There are few brands that have attracted more attention that American Apparel. For years the controversial print adverts and intensely sexualised tone have courted controversy and provided teenage boys material to mash it over. But it was the behavior of ex CEO and founder Dov Charney that really made the brand infamous. I personally never really worried too much over the content of the ads. It seemed so over the top, so cartoonish, it was hardly sexual a lot of the time. I think it can’t be denied that it did occasionally hit the mark too. In the beginning a lot of us were won over by the brands fresh approach. The models were beautiful and sexualised, but fuck at least they have eyebrows and bush. They also did (sometimes half-heartedly) champion different version of beauty—although they all involved being young and half naked—and was vocal in LGBTIQ rights issues.
But obviously this is all skim milk in the face of what the company did wrong. Chaney was personally plagued by sexual misconduct rumours, and every time they pushed the envelope for a good cause—fair labor—they took a huge step back in another area—child-like porn stars as models.
For transparency, I worked at American Apparel for a couple of years in my early 20s. It was a pretty cushy job, no I was never made to feel unsafe or objectified, and hell steaming chiffon shirts is a lot easier than pulling beers. But even in our little Australian corner of high minimum wages the word of Charney’s infamous behaviour was heard. I won’t go into them because they were after all rumors, but it was enough to let you know that the occasional complaint was probably the tip of the iceberg. By the time I left the company my memories were mostly good, but I did feel relieved that when asked where I worked I didn’t need to bristle when I replied, American Apparel. I didn’t need to constantly answer customer questions about our work practices or insure concerned strangers that I promise, no one has ever sexually harassed me or asked me to not wear a bra.
But even then you could feel the end was near. People weren’t titillated anymore—they were grossed out. And the early 2000’s glamorization of porn, sex, and nihilism were dried up. Young people were giving a shit, and finding icons in other places. Stores were closing, and it seemed like the company’s fall was a matter of when, not if.
That was of course before the board pulled the emergency exit handle, dumped Chaney, and brought in Paula Schneider. The former National Organisation of Women’s Business Owners Inspiration Award winner was appointed to solve the carefully titled “woman problem”. She’s quickly made it clear the brand’s new direction would be away from sex and towards social issues. Which ironically was the initial idea behind the brand as it fought sweatshop labor and supported healthy work practices while asking shop girls to not wear stockings.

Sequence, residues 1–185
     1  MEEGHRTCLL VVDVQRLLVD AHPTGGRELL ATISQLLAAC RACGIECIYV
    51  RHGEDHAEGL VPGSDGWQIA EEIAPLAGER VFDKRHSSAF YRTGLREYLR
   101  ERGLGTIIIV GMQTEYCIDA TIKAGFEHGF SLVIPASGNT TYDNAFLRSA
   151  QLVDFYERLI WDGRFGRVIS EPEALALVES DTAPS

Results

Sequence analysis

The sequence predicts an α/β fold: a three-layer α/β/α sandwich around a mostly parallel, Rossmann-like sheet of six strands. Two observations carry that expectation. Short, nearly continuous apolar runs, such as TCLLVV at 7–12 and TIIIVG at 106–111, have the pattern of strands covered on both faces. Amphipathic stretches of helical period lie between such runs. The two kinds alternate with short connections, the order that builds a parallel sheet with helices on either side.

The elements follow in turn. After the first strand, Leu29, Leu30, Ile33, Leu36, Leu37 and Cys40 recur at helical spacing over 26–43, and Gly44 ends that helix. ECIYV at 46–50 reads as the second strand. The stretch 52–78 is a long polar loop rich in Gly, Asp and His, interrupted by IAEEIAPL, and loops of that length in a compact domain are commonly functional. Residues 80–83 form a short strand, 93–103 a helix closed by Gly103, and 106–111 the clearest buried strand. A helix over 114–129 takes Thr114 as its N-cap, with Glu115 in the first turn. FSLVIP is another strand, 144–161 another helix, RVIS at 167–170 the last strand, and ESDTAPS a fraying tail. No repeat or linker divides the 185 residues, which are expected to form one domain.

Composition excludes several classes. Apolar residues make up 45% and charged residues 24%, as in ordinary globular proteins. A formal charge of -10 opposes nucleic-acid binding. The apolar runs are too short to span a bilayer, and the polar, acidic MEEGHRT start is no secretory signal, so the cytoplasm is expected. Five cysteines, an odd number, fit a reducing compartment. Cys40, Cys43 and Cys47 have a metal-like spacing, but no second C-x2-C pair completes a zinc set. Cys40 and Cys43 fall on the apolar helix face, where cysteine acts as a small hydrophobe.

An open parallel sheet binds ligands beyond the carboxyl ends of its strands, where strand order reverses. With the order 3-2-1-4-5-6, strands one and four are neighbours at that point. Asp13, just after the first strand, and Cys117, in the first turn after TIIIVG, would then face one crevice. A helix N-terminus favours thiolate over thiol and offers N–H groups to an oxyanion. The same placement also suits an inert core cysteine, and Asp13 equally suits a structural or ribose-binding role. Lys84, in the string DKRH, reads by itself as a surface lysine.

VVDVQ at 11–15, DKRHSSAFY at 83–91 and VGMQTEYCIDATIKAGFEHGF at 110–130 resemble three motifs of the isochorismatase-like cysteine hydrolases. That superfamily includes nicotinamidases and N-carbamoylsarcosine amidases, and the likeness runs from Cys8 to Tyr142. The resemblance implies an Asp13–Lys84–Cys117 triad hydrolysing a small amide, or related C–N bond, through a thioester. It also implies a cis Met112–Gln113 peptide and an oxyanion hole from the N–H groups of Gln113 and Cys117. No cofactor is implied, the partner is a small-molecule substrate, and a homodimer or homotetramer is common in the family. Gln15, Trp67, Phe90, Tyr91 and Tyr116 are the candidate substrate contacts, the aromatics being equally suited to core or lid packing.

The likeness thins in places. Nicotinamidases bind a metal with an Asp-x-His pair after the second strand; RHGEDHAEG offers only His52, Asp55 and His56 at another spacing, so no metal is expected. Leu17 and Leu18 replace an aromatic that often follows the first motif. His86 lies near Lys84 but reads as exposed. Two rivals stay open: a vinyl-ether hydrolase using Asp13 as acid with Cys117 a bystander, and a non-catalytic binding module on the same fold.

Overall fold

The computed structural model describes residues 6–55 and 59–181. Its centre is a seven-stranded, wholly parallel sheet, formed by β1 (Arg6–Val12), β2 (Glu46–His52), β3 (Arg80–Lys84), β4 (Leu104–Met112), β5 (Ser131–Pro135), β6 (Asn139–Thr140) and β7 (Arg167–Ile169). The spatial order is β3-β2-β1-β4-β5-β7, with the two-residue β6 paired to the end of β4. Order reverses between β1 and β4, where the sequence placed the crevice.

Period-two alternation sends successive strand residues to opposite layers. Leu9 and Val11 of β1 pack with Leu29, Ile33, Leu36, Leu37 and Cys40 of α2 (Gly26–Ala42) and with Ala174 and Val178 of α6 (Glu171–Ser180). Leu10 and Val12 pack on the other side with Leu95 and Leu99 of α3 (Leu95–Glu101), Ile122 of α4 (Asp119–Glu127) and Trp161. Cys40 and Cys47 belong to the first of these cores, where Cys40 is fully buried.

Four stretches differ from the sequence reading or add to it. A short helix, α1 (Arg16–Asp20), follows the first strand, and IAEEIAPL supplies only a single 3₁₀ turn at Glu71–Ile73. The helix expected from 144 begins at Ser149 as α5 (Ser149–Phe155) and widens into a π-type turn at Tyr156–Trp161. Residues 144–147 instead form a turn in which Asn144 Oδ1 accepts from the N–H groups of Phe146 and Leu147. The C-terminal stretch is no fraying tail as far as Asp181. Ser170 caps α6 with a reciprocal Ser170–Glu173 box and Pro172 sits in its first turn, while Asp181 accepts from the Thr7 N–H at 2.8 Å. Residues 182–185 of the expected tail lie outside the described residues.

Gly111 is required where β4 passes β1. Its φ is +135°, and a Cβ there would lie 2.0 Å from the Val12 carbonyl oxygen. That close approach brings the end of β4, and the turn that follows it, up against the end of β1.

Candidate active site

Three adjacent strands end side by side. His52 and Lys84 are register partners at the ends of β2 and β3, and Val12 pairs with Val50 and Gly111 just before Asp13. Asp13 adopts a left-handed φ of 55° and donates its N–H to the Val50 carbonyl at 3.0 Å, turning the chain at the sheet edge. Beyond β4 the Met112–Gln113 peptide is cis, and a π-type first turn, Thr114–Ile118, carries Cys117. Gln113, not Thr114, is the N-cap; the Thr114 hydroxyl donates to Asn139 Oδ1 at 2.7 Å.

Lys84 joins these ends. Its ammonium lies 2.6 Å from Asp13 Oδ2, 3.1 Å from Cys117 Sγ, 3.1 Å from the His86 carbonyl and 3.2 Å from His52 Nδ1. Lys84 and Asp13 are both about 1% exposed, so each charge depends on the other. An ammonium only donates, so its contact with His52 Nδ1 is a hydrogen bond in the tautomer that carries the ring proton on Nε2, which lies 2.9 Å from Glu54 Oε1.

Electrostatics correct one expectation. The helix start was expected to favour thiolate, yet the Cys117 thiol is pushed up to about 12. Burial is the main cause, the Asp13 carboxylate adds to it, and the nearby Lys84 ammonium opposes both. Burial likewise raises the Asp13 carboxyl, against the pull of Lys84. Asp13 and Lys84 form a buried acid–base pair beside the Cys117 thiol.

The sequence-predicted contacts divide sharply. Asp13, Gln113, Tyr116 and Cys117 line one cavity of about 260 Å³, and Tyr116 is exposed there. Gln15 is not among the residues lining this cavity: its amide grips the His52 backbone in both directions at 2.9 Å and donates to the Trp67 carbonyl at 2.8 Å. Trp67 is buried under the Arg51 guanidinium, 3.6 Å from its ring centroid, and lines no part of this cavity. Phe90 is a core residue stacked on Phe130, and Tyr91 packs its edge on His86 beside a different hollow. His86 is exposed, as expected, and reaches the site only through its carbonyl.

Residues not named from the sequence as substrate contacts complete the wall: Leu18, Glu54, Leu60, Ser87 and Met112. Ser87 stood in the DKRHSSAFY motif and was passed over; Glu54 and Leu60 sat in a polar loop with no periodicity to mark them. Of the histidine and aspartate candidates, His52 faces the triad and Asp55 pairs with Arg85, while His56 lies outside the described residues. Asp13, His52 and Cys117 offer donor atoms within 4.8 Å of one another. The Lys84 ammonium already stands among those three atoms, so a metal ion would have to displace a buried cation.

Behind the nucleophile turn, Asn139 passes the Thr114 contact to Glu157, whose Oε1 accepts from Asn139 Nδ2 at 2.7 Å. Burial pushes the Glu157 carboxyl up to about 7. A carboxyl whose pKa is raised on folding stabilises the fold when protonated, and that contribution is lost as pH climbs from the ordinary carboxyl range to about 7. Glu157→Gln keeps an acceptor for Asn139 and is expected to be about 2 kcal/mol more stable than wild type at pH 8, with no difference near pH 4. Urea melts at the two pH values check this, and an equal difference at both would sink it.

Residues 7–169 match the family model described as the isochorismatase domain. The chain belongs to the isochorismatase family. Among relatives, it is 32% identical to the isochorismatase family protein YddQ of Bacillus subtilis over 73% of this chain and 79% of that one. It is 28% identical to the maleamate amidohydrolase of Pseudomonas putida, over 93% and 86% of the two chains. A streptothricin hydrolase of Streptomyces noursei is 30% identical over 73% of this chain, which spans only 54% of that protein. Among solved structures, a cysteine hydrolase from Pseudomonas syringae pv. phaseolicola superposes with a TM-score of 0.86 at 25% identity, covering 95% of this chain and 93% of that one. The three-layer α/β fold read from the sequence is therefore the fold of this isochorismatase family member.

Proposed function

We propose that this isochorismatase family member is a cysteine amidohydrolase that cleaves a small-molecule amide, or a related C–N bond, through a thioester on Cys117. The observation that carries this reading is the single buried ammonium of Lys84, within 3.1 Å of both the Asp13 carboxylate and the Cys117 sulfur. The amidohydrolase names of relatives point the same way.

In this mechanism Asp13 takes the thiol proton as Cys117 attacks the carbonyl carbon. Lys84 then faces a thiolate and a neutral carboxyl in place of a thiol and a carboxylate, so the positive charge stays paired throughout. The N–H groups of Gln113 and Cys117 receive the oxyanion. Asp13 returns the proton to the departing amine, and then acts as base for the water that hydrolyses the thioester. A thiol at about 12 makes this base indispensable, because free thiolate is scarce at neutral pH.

The intentions were already being made clear with the use of Brendan Jordan as a model in a campaign around expressing yourself and effectively telling bullies to fuck off. And we will confess that the Panty Time video was a good wink at inverting the sexual image to at least include dudes. But as nice as it all is, the big question is: is it enough? Can a culture of sexual misconduct be overturned seemingly overnight?
Like so many things, the answer is maybe. And a lot of that will depend on not only Schneider, but also the board’s ability to not let a female figurehead be a mere PR band aid. Lets not forget that these are the same people who kept Charney at the helm for a decade. And sure he has now been fired, but surely that would feel like too little too late for the women who were assaulted by him.
But so much of AA’s problem was not just a company’s ability to let a creep like Charney run the show and use it as his own personal heavy-petting zoo. It was laziness and compliancy in general. The brand stood out originally because it was “edgy”. That has to be one of the most over used and misunderstood buzz words of people trying to make money off under 30s.
It’s rare anything is legitimately progressive and challenging in the way people want when they use that word. And the reality is for something to be truly edgy it does need to be a bit uncomfortable. It needs to catch your eye, jar you, and make you think. And as much as the early AA marketing offended, it also did that, sometimes.
In the beginning, there was a case to be made for sex and body positive messages. But as weak as it was, it was lost long ago. By the end of Charney’s reign I wasn’t bummed out because I was seeing tit’s at American Apparel, I was bummed out because I was seeing tit’s everywhere. Beautiful bodies were more of a commodity than ever, so they had largely become invisible. Although the pube mannequins and Petra Collins collaboration brought a bit of originality it was the sameness that made the brand feel so out of touch.
Hopefully Schnieder gets rid of the rampant and institutionalized sexism. But also hopefully she finally make use of the AA audience again. For better or worse the brand can draw a crowd, so give them something to look at. Because in 2015 it’s not enough to say it with tits anymore.
Words by Wendy Syfret